PIMCO has joined the Goldman Sachs camp in raising views for 2011 as the tax package currently working its way through Congress (and surely to expand as every Tom, Dick, and Nancy adds their pet projects to it) is America's way of "buying" more GDP. No different than the stimulus of early 2009 (or the Bush rebates before that), and all the support by the Federal Reserve 2007-
2010 infinity and beyond. What's a half a trillion among friends anyhow? Certainly worth the cost of an extra point of GDP.
There is no price discovery in the country in any market, and no one has an idea how the economy works anymore without massive injections of steroids. But as long as we can borrow huge sums of the money and add them to out future liabilities, and push the gains into the here and now - we can slap each other on the back and cheer at how 'resilient' the US economy is. (while mocking Europe for its slow growth economic policies and high unemployment, right Germany?)
Considering 1 in every 5.5 dollars of income for the average American is now a direct infusion from the government, are we surprised the malls are bustling? [May 25, 2010: 1 in 5.5 Dollars of Income Now via Government]. Essentially for every $80 Joe Six Pack earns, the government finds another $20 to hand him.... a most blessed situation. We don't need no stinkin' jobs - we have D.C..... now inject me with some of the cash, I need to go to the mall! [Nov 5, 2010: USA Today - Anti-Poverty Programs Now Surpass Cost of Medicare] [May 5, 2009: Federal Aid Surpasses Sales Taxes as Top Revenue Generator for States]
- Pacific Investment Management Co., which manages the world’s biggest bond fund, is raising its forecast for U.S. growth next year as policy makers pump a “massive amount” of stimulus into the economy.....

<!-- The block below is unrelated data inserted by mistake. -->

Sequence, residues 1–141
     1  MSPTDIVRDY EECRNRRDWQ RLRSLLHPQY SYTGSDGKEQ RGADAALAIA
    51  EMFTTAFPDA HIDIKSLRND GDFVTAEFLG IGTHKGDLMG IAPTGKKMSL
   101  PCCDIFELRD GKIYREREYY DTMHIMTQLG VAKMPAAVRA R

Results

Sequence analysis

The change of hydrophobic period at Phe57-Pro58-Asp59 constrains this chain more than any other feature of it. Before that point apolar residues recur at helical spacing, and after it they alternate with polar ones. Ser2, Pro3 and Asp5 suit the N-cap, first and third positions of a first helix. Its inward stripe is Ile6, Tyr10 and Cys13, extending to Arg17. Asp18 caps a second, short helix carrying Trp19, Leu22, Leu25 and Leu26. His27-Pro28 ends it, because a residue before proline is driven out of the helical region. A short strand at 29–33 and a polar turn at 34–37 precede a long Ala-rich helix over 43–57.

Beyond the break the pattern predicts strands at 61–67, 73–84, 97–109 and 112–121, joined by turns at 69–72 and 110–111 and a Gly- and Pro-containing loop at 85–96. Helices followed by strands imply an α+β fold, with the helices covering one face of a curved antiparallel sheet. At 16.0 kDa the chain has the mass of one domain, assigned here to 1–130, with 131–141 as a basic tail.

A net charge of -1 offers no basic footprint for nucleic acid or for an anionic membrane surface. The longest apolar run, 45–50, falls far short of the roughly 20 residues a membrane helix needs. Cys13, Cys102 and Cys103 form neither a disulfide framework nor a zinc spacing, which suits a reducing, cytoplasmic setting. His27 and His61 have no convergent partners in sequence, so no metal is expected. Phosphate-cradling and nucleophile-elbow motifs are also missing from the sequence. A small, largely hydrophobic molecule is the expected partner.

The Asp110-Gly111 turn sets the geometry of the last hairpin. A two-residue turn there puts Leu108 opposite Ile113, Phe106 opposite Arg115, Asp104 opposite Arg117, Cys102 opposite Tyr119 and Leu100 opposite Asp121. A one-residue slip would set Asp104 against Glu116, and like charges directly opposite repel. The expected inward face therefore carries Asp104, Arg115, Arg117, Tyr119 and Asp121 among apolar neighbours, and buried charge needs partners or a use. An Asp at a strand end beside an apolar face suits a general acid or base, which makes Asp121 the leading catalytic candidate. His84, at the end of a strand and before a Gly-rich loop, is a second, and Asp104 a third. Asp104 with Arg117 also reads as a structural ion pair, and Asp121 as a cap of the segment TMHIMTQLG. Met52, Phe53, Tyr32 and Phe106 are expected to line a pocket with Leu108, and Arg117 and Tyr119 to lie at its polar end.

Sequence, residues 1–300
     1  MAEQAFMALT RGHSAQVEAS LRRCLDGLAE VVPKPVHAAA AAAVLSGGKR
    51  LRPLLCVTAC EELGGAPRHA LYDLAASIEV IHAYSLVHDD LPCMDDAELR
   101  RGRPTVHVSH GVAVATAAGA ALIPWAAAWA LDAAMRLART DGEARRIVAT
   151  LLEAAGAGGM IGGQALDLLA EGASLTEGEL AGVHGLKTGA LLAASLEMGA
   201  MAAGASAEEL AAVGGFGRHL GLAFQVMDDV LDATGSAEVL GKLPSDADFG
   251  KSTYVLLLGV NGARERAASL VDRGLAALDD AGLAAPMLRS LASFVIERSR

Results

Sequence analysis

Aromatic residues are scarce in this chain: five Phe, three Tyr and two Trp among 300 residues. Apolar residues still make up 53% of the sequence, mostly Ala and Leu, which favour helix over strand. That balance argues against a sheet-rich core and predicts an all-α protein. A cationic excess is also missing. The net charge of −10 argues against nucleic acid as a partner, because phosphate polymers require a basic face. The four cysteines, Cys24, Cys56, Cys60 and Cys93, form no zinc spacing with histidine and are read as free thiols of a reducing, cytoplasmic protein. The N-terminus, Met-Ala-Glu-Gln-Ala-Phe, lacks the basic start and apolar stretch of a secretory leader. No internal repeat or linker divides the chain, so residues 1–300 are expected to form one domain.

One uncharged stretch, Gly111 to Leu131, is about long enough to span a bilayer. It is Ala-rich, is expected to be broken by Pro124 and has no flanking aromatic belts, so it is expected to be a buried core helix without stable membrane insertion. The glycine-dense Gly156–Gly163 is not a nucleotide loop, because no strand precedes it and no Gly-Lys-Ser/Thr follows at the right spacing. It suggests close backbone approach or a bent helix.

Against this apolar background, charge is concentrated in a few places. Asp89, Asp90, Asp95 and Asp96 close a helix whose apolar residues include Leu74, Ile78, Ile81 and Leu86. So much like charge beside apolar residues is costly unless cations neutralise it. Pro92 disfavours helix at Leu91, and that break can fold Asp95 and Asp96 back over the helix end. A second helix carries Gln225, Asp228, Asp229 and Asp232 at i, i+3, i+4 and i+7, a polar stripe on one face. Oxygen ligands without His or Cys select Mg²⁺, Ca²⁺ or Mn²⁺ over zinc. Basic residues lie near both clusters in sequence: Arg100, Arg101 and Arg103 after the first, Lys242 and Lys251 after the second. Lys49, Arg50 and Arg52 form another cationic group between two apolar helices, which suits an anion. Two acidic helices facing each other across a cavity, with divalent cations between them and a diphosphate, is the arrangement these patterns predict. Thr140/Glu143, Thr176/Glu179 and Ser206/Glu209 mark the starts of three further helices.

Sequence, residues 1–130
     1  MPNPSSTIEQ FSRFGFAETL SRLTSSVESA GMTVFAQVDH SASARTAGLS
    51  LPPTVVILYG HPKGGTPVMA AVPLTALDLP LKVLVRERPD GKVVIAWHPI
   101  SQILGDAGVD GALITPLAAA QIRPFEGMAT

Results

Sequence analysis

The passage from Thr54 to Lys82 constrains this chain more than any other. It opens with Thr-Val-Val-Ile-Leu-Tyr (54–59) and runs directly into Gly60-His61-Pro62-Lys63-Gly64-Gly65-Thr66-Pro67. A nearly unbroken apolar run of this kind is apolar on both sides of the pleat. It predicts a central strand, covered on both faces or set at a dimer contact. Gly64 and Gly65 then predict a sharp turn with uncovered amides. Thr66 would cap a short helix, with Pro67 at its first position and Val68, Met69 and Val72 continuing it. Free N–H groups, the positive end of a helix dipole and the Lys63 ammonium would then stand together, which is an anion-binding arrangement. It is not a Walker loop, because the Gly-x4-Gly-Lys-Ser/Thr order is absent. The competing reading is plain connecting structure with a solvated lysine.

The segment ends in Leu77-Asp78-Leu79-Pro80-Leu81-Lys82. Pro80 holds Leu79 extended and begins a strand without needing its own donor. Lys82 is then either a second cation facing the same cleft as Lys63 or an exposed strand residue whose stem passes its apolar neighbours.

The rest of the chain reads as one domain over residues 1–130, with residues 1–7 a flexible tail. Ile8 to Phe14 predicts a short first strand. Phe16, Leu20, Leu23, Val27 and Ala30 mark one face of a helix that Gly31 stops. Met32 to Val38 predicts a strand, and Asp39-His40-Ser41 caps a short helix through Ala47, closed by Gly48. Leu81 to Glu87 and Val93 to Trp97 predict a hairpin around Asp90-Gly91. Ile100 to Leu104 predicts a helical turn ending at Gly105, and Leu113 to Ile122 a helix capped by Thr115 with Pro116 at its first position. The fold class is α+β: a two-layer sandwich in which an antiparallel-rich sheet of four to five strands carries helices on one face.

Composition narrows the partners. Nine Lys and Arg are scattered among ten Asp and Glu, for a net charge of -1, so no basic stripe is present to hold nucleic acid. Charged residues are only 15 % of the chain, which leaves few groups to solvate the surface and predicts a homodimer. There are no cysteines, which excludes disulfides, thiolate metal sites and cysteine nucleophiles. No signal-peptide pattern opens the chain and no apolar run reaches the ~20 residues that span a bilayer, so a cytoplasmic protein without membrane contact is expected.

- Pimco sees the economy growing 3 percent to 3.5 percent in the fourth quarter of next year from the same period of this year. That compares with its previous estimate for 2 percent to 2.5 percent growth.
- "We revised this week our outlook for U.S. growth in 2011 taking into account Monday's announcement on additional fiscal stimulus measures," El-Erian said.
- “The U.S. is using fiscal and monetary policy to try to attain escape velocity for the economy,” El-Erian said. “What we don’t know yet is whether that will be enough not just to change the economy’s trajectory for one year but to place it on a medium-term sustainable path.”
- U.S. policy makers are reacting to the new normal by pursuing “increasingly unconventional” strategies to aid the economy, El-Erian said.
- “The new normal is still here,” El-Erian, 52, said. “What the policy makers are doing is kicking the can down the road in response to the symptoms of the new normal, but they’re not yet changing the medium-term dynamics.”
- Europe, too, is struggling with the fallout from the new normal as the region has been hit with a sovereign-debt crisis. Pimco expects the euro area’s economy to grow by 0.5 percent to 0.75 percent next year, El-Erian said. “Europe is on a completely different track than the U.S.,” El-Erian said. “It is trying to achieve sustainable growth by getting its economic house in order through fiscal austerity.”
- The European Central Bank has stepped up buying bonds from the region’s most-indebted countries to prevent the market rout from spreading. The ECB is “basically providing liquidity support for a solvency issue,” El-Erian said. “The question is whether the market will cooperate with that,” he added. “If it doesn’t, you will get disorderly restructurings in some peripheral countries and even more economic contraction.”
- In the U.S., policy makers need to follow their stimulus- induced boost to growth with steps to bring down the budget deficit in the medium term and improve long-term competitiveness, he said. "It's important to ask whether the extraordinary fiscal and monetary stimulus measures, by themselves, will also have a meaningful impact on growth beyond 2011." (not really... all we need to do is create the next $500 billion per annum stimulus plan when the time comes... along with the effective 0% Fed funds rate to infinity and beyond. Ten to 12% deficits forever will continue to fund the 'recovery'.... remember America does not do cost benefit analysis. No one remembers what costs are necessary to derive growth anymore. We just celebrate the 'miracle' of our growth and clap like seals at the 'better than expected' data while not looking our grandchildren in the eyes at what we pour onto them - no costs here. Only positives - buy stocks.)